‘The Dunning Man’ Screens At Art of Brooklyn Film Festival 2017

The 7th Annual Art of Brooklyn Film Festival (AoBFF), took place from the 3rd to the 11th of June. On the 10th of June, there was a screening of The Dunning Man, a movie directed by Michael Clayton.

The movie explores the journey of Connor, a man who needed to start a new chapter in his life. So, he moved to Atlantic City and became a landlord. He goes through a lot and sees a lot (more than he should) as he deals with many eclectic personalities that rent out his apartments (and don’t pay him on time). He interacts with a rapper, a mother and even people wearing furry animal costumes (who are out to get him).

The two producers of the film are Brent Butler and Kevin Fortuna and they were present during the screening and had an open conversation with the audience and the Executive Director of AoBFF, Joseph Shahadi. 

During the conversation Kevin Fortuna discusses that one of their biggest challenges was that this was a first person narrative short story adaptation that Fortuna himself, wrote. He seemed happy with how it all came together though, mentioning that “Clayton did an amazing job making it work as a movie.”

In discussion, Shahadi made an interesting point and said:

“This is someone who is having the worst moment of their life, without making you hate them or depressed. How do you keep it engaging and likable as the main character is someone who’s just spiraling like that?”

Fortuna responds:

“He’s trying to be a better person, he’s trying to find himself. It’s a coming of age type of story.”

The movie included many archives of Atlantic City that were definitely a great cinematic touch. Fortuna commented on the archives and said:

“We had a screening in LBI, which is 40 minutes from Atlantic City. For people who know Atlantic City, all that exterior footage is really its own. It strikes a chord.”

When it came to the casting, it made for a very interesting conversation between Shahadi and Fortuna with a lot of insight into the actors and their approach as well.

Shahadi: “It’s cast so beautifully this movie. The acting in it is so great. I actually thought the friendship was a very unlikely friendship between these two guys. I bought it totally. It seemed like they would be enemies at the beginning but then they were like “eh”. I totally got that they were coming from completely different places in life and that they found this place in the middle. A lot of that is obviously the source material, the way it was adapted into the film and the way he approached it as a director, but it was cast so well.”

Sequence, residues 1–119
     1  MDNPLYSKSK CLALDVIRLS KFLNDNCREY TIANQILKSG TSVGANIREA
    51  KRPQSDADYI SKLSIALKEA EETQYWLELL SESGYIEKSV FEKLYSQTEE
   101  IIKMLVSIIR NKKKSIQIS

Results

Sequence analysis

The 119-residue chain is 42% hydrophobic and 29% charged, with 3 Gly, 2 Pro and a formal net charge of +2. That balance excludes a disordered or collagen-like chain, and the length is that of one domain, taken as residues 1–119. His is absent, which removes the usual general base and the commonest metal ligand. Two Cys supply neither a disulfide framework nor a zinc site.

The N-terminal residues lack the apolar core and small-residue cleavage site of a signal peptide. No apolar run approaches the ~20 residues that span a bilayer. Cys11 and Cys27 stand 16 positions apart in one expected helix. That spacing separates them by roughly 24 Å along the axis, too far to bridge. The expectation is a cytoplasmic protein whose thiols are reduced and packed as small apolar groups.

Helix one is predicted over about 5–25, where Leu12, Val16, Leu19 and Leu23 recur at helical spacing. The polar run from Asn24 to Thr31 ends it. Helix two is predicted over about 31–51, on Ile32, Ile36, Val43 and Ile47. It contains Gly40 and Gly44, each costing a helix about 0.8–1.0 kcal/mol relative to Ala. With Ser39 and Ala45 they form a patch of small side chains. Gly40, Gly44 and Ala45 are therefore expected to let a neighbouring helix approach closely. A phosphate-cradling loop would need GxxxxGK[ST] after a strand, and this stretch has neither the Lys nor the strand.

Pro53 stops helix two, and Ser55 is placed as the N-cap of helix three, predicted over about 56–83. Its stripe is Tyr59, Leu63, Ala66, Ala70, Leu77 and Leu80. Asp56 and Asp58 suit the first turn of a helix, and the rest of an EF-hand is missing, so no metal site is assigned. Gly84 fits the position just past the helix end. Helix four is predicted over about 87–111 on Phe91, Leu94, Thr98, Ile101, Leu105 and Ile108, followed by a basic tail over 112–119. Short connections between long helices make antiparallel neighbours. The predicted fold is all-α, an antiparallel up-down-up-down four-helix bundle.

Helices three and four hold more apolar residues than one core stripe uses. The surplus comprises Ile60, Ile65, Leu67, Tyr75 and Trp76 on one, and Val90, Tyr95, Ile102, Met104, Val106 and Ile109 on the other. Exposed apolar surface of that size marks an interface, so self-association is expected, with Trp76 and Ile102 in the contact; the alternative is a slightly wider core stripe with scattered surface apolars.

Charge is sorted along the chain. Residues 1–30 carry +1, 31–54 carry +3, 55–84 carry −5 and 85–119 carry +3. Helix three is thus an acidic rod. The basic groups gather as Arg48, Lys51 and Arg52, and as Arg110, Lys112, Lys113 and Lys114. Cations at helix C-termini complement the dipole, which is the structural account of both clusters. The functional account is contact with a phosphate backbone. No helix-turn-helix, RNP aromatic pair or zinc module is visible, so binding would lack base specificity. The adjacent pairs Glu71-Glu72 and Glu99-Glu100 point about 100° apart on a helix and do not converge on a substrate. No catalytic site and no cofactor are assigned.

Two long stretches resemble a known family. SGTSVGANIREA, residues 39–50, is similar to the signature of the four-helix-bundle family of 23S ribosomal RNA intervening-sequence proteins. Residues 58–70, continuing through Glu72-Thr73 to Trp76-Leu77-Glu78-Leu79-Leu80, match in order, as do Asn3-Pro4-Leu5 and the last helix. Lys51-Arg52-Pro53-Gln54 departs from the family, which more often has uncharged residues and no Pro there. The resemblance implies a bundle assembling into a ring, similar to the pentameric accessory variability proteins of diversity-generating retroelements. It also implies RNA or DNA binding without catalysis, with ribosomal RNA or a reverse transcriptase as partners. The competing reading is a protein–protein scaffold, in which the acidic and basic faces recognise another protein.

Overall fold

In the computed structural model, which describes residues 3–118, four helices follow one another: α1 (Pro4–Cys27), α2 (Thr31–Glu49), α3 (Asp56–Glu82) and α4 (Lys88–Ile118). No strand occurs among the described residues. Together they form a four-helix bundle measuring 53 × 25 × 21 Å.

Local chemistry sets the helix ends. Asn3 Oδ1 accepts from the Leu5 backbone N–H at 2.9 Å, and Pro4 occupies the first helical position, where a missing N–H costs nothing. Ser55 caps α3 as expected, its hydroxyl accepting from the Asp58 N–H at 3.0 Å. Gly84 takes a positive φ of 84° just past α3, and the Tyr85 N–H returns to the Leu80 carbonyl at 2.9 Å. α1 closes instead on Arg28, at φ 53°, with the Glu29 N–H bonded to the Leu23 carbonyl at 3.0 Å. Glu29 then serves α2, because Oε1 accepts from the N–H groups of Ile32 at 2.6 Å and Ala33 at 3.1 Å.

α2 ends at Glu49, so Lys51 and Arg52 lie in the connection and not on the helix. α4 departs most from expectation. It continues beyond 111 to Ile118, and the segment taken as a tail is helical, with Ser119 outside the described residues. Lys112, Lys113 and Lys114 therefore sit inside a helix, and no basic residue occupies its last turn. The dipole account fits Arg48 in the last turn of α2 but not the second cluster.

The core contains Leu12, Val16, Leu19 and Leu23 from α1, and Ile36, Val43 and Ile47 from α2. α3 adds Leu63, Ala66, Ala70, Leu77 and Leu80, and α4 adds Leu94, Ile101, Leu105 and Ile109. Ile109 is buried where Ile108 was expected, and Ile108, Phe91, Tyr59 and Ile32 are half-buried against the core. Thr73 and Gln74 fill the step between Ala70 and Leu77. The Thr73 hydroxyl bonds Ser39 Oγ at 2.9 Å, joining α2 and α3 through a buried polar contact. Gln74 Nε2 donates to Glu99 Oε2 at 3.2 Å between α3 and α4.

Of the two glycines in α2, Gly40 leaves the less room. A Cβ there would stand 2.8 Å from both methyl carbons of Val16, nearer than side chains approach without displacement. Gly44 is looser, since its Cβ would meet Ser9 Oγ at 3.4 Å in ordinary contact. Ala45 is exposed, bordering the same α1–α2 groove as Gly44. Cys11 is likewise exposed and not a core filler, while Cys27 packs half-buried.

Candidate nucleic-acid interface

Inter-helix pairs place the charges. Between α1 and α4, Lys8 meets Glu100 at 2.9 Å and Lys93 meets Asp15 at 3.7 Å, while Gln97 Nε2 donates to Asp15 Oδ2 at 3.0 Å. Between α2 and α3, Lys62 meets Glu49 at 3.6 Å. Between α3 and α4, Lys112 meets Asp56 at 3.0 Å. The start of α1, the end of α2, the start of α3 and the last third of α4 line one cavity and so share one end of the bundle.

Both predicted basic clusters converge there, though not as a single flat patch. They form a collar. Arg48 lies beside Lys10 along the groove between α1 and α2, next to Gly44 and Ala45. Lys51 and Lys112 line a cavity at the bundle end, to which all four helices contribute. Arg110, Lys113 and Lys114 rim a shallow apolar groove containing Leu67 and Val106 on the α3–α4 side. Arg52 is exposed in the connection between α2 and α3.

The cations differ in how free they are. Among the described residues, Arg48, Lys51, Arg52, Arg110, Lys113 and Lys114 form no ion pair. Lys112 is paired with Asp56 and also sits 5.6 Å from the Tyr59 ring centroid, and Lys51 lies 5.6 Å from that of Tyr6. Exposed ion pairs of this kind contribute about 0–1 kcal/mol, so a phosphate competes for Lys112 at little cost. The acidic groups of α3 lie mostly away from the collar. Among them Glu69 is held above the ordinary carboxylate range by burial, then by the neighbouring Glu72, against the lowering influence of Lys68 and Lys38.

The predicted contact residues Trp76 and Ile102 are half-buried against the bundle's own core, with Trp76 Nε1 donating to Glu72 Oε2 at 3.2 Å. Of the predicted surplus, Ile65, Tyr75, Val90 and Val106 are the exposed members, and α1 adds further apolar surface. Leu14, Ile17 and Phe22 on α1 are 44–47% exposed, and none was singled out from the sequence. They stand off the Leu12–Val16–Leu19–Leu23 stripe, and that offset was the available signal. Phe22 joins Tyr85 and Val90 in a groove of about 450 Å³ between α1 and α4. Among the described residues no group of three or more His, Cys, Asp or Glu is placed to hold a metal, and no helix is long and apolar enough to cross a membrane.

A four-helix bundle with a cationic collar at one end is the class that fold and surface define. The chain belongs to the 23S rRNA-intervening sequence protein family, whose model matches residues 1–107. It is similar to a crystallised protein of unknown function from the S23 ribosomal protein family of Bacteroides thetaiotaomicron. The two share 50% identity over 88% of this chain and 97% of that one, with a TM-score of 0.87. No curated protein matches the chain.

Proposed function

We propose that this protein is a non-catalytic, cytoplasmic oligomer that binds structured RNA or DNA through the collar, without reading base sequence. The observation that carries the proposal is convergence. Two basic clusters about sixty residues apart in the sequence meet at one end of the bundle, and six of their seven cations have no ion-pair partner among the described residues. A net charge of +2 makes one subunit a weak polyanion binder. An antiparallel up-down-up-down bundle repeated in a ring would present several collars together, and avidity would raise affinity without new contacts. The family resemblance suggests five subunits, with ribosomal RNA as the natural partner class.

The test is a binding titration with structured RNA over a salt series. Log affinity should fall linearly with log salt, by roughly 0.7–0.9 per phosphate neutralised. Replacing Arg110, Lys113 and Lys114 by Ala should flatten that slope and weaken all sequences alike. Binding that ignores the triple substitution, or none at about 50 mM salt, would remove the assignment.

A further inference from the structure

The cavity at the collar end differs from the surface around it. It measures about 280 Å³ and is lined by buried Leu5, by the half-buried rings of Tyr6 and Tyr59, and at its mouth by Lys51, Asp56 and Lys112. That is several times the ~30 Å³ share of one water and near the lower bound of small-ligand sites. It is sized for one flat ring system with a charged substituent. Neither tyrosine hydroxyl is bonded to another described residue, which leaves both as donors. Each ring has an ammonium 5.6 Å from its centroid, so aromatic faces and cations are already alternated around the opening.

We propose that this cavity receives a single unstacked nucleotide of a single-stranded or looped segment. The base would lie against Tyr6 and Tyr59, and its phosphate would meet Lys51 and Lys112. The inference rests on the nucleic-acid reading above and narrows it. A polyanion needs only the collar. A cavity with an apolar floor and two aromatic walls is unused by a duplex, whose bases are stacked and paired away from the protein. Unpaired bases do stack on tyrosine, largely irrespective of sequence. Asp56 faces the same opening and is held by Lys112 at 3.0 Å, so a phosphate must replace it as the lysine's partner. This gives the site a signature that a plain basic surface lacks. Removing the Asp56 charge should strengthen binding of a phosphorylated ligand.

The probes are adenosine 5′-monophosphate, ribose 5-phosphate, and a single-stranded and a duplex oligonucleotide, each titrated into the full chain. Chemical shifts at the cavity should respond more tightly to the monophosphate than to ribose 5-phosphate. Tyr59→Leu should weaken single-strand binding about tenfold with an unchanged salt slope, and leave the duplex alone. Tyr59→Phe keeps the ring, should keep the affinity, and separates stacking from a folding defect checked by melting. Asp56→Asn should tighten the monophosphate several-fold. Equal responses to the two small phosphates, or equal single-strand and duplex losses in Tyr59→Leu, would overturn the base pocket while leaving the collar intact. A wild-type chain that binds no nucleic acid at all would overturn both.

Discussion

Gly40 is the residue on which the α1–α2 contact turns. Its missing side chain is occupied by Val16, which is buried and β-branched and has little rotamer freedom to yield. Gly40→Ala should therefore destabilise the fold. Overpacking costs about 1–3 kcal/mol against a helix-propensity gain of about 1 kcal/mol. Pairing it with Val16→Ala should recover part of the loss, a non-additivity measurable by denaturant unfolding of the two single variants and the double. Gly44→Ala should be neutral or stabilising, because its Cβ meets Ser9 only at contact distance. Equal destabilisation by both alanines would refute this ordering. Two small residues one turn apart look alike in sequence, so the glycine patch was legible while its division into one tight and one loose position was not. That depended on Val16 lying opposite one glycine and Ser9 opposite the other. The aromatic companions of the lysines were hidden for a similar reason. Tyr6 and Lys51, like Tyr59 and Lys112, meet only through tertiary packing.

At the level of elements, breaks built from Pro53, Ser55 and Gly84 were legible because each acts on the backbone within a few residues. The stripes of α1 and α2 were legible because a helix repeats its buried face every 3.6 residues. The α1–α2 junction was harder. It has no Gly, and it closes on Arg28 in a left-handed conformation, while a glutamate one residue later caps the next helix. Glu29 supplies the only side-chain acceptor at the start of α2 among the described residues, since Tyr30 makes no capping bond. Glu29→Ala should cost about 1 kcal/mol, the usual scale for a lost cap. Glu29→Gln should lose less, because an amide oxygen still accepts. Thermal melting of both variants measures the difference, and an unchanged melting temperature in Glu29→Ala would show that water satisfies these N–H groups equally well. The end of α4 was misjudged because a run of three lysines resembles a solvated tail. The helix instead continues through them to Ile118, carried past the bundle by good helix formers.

Image From TDM Productions

Fortuna: “Christian Slater’s mom, Mary Jo Slater, held open casting calls in New York and that’s how we got Tom Kemp who played the uncle. That’s how we got Carpinello. We also got Gbenga Akinnagbe, he would’ve been a great Stryker I think. He had to pull out because he got a big part in Independence Day 5. So, that was a happy accident in the lab because that lead us to Nicoye Banks who plays Stryker. He just owned the role, steals every scene I think.”

Shahadi: “Well, I think the secret to that guy is that he really is a star. He’s playing a guy who is charismatic and he really is that charismatic.”

Fortuna: “We filmed the interiors in New Orleans and Nicoye actually grew up right near where I grew up in New Orleans. He’s a native New Orleanian, refuses to leave. I keep telling him if he moves to New York or LA, he’s Jamie Fox. And there aren’t that many great roles for African Americans, he deserves those roles I think. This is almost a leading role. One of my hopes for the movie is that it helps him out.”

Shahadi: “James Carpinello is a broadway actor but also done tons of stuff that you see on TV, The Good Wife and he was on Gotham just recently. He’s such a good actor. He was in every frame playing the straight arrow guy who’s in the center of everything. On the page, it can seem like the less interesting part, but he never seemed like he approached it like it was the less interesting part.”

Fortuna mentioned that the rough cut of the movie was 2 and a half hours long and they made a choice to cut many of the “deep” parts and “just drive the caper side of the story”.

Despite the choice to make the story fast-paced, Shahadi emphasized how the deepness was not lost. It was echoed through the relationships that the plot carried.

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